Air NZ profit turnaround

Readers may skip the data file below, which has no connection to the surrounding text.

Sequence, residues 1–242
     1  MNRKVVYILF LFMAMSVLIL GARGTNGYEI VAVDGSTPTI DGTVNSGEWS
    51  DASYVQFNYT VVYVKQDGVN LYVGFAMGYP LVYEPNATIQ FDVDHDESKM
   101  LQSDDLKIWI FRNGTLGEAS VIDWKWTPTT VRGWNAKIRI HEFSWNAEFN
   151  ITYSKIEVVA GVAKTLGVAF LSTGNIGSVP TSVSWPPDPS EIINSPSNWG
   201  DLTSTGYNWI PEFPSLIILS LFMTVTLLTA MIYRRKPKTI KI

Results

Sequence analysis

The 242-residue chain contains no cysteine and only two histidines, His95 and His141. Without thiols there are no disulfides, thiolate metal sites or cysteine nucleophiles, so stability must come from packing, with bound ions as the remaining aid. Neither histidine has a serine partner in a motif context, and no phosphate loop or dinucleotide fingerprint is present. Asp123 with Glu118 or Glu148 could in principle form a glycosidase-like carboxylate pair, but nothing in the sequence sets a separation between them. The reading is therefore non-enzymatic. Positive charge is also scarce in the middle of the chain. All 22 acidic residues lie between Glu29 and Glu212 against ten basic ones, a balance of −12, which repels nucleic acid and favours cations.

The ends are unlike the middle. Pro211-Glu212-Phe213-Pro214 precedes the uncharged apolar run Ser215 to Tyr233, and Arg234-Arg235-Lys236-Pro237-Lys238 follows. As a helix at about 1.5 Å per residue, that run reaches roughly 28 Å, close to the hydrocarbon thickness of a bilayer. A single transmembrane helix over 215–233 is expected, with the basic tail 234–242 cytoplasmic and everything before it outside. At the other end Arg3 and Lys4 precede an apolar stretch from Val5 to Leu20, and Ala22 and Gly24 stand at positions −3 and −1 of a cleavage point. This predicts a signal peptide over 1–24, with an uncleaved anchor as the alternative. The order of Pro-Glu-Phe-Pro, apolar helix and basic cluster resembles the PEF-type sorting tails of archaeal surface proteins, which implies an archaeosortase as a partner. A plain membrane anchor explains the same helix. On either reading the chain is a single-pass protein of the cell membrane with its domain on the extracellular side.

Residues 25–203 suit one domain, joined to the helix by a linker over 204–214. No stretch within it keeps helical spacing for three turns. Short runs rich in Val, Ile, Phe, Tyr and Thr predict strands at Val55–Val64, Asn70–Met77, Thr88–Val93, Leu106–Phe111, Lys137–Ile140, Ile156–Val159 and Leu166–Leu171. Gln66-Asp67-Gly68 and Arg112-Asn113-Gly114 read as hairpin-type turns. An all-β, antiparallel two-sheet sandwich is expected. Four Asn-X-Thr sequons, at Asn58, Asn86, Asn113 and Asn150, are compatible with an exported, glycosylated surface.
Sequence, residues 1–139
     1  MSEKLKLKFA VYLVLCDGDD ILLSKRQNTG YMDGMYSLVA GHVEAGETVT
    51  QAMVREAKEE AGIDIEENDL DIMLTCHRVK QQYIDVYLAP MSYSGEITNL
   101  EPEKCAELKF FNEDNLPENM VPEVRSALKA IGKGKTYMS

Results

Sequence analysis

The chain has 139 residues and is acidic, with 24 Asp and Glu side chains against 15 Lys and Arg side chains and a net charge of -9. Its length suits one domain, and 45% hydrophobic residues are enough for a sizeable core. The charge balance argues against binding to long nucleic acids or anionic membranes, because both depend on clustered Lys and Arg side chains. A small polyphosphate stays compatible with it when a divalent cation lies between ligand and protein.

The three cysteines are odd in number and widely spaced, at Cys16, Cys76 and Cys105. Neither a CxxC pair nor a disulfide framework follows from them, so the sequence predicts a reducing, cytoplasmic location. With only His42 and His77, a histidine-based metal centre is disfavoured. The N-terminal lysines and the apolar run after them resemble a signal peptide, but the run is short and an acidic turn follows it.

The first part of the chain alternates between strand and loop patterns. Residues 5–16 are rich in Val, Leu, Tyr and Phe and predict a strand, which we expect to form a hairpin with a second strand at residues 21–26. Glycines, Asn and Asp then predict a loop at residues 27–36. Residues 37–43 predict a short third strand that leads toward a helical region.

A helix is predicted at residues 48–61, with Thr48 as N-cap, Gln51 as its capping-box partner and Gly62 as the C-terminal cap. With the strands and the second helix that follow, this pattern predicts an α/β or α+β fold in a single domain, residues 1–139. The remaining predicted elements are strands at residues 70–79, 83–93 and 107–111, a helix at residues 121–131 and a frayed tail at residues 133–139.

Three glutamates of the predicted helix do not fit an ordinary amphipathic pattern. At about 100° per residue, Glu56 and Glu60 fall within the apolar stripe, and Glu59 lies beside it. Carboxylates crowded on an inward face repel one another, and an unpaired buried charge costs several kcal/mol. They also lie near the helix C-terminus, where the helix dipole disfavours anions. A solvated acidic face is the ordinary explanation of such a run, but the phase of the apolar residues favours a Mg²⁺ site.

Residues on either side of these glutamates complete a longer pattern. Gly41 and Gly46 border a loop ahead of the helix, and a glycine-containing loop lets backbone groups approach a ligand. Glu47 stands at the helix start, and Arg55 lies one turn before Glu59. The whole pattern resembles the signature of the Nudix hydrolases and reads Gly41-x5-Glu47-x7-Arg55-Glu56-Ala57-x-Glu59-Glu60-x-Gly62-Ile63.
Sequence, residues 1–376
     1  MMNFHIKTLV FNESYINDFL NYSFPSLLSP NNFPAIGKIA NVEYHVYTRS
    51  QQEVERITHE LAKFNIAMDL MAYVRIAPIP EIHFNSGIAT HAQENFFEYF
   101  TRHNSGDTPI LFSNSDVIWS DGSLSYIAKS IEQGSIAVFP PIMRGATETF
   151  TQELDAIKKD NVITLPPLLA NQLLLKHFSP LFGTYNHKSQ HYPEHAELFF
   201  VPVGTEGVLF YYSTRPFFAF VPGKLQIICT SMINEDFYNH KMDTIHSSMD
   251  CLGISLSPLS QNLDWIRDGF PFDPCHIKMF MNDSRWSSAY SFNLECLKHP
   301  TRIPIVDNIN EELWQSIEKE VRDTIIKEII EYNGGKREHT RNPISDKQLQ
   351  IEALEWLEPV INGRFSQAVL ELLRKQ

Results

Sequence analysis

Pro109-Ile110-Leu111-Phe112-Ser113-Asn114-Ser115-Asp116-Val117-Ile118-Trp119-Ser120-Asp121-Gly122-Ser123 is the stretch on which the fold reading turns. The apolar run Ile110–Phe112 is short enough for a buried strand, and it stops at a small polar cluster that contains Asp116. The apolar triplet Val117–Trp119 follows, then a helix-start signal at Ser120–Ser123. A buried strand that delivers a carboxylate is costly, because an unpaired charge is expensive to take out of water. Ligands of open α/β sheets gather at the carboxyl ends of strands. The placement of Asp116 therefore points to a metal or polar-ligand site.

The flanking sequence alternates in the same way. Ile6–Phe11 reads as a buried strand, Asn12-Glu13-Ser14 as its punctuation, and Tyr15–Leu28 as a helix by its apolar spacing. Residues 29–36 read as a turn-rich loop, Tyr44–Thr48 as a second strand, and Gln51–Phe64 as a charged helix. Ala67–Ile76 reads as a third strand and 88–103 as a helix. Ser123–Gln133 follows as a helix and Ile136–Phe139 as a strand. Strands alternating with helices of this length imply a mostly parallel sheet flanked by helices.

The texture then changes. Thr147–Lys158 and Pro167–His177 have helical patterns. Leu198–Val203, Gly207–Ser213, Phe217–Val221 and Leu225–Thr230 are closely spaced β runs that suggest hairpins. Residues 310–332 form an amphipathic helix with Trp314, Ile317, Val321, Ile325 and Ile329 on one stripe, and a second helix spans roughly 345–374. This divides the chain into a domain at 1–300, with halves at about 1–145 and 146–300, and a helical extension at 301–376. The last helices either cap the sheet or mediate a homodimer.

AUCKLAND - Air New Zealand has posted a net profit after tax of NZD94 million for the first half of the 2002-2003 financial year. The result was in contrast to the corresponding period in 2001 when Air NZ recorded a NZD319 million ($297 million) loss. The airline said the turnaround could be attributed, in part, to its scrapping of domestic commissions for travel agents. Air NZ's total revenue was up two percent to NZD1.84 billion, while costs fell eight percent to NZD1.43 billion, thanks in part to a 16.4 per cent fall in sales and marketing costs. Air NZ chairman John Palmer said, "We have benefited in this result from lower fuel costs and a higher New Zealand dollar. "These factors are not controllable by management over the longer-term and so we must be careful in taking credit for them. However, we have also had strong passenger growth when compared with the prior period, and we can take credit for that. "What has also been particularly pleasing has been the reduction of controllable costs such as cost of sales." Palmer said Air NZ operated in an industry that had low barriers to entry and high barriers to exit. "Consequently the industry has a chronic over-capacity problem. This over-capacity, combined with a high and relatively inflexible cost-base has in turn led to the competing away of shareholder value to the point of collapse for many airlines. "You do not have to look far for examples of this dynamic. The currently dominant airline industry model does not produce sustainable businesses," Palmer added.

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